More Employees Using Telemedicine Benefit Because of Cost, Access

Telemedicine is not a new concept. Not at all. In fact, telemedicine dates back to at least the start of the last century when experimenters were sending medical records electronically and consultations by telephone.

But, telemedicine has come a long way since then — especially in the last 25 years with the evolution of the Internet. However, during the Internet age, employees have been reticent to adopt telemedicine. Technical issues, quality of care and security concerns typically top the list of reasons many employees have not used telemedicine in the past.

But over the last few years, I’ve noticed a shift in employee behavior: More people are starting to try — and are embracing — telemedicine. According to the Kaiser Family Foundation, “Sixty-seven percent of firms with 50 or more workers who offer health benefits cover the provision of some health care services through telemedicine.”

Why the recent shift in employee adoption? Three reasons:

1. Lower cost

Every employee is concerned with costs when making health care decisions. And, for years, even though it was more costly, employees would go visit their physician. But recently, more employees seem to be acknowledging and understanding a simple concept: telemedicine costs a fraction of what employees would spend on visits to urgent care clinics or emergency rooms. In fact, our clients at Trustmark Health Benefits are currently saving an estimated $495 per telemedicine episode, on average! A Kaiser survey found that 39% of employers with health plans that include telemedicne offer an incentive for their employees to use it rather than an in-office visit.

2. Trust is growing

In many situations, health care comes down to one word: Trust. People visit physicians time after time because they trust them. That trust is built by giving patients good advice, delivering exceptional care and by doing the right thing.

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Trust is relatively easy to build when you can see your doctor face-to-face a few times a year. Building trust over the phone — or, tougher yet, the Internet — is more challenging. But, that feeling might be changing. A study by the University of Rochester Medical Center found that the quality of care delivered via telemedicine was as effective as in-person care. Another study in the American Journal of Managed Care found that patients who utilized telemedicine had a lower hospital re-admission rate and scored lower for depression, anxiety, and stress.

Employers are getting smarter and more effective in how they facilitate virtual care in the workplace. In some cases, employers are changing their heath plans to eliminate co-pays for telemedicine to encourage use among employees. In other instances, employers are designating private rooms in the workplace for employees to access telemedicine during breaks or over the lunch hour.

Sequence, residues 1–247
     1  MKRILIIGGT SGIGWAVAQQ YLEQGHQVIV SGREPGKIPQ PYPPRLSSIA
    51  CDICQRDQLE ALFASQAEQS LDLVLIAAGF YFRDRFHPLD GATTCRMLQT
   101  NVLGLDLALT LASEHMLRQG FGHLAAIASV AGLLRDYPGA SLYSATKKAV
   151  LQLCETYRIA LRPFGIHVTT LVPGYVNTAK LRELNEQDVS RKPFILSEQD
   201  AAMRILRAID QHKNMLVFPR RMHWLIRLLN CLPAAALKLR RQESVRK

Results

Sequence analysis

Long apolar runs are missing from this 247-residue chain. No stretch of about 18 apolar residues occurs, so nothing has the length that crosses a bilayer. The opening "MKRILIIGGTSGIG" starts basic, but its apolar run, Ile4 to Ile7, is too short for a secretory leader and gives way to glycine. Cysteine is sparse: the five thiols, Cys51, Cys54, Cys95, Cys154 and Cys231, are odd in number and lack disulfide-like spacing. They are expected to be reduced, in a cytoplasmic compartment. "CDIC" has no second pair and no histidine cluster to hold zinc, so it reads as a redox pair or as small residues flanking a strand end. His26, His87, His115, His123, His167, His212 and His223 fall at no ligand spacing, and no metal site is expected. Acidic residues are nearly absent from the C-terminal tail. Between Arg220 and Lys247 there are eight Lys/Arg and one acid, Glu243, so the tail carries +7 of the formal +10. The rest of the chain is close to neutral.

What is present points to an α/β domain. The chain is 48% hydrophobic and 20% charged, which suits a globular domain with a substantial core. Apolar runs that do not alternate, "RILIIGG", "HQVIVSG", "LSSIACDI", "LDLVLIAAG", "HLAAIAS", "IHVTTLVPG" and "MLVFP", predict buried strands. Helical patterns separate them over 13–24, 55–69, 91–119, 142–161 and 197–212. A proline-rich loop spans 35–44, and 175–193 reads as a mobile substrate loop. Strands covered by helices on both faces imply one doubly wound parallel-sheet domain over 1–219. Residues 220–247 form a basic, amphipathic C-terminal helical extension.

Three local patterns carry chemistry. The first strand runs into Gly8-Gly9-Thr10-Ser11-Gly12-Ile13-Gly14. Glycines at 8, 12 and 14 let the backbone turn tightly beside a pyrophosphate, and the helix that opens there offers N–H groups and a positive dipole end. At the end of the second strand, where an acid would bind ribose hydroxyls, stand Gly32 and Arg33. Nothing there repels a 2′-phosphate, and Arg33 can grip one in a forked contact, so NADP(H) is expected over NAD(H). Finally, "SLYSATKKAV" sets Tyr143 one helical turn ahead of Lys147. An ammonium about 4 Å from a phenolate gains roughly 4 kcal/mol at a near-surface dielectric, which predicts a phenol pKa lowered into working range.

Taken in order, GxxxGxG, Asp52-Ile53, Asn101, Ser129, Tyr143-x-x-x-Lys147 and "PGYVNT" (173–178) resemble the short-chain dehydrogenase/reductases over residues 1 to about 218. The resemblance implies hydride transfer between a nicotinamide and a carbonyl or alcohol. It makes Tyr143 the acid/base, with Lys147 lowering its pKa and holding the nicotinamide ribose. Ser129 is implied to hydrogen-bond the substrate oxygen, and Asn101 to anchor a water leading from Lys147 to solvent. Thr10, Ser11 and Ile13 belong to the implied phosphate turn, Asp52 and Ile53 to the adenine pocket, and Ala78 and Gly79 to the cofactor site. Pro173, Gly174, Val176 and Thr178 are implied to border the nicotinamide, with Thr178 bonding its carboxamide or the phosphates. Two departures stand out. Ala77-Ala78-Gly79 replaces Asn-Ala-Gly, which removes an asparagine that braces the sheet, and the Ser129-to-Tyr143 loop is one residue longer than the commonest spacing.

3. Better and more access

Did you know employees who live in rural areas have access to only 13.1 doctors per 10,000 people as opposed to 31.2 doctors per 10,000 people in urban areas? Did you also know that if you’re an employee living in a rural area of the United States, chances are you may have to travel upwards of 200 miles to visit the nearest hospital? Rural access to health care is pretty tough in the United States right now. Add to that the rural physician shortage and the fact that access to specialists in areas like mental health and obstetrics is almost non-existent and you may even classify it as a crisis. But given that 81% of all Americans now own a smartphone, healthcare is more accessible than ever before for these rural populations. No geographical limits. No wait times. No traveling 200 miles to see a primary care doctor. It’s not surprising these rural employees have recently adopted telemedicine in a big way!

So yes, the tide seems to be turning when it comes to telemedicine. Employees are becoming more comfortable with technology — and employers are getting smarter about how to facilitate it. The quality of care is improving. And, telemedicine is saving employees a lot of money! As these trends continue, I expect we’ll see even more employers prioritizing telemedicine as part of their employee benefit packages in the year ahead.

Alissa Traughber is a director of product management at Trustmark Health Benefits, working out of the company’s home office in Lake Forest, Illinois.

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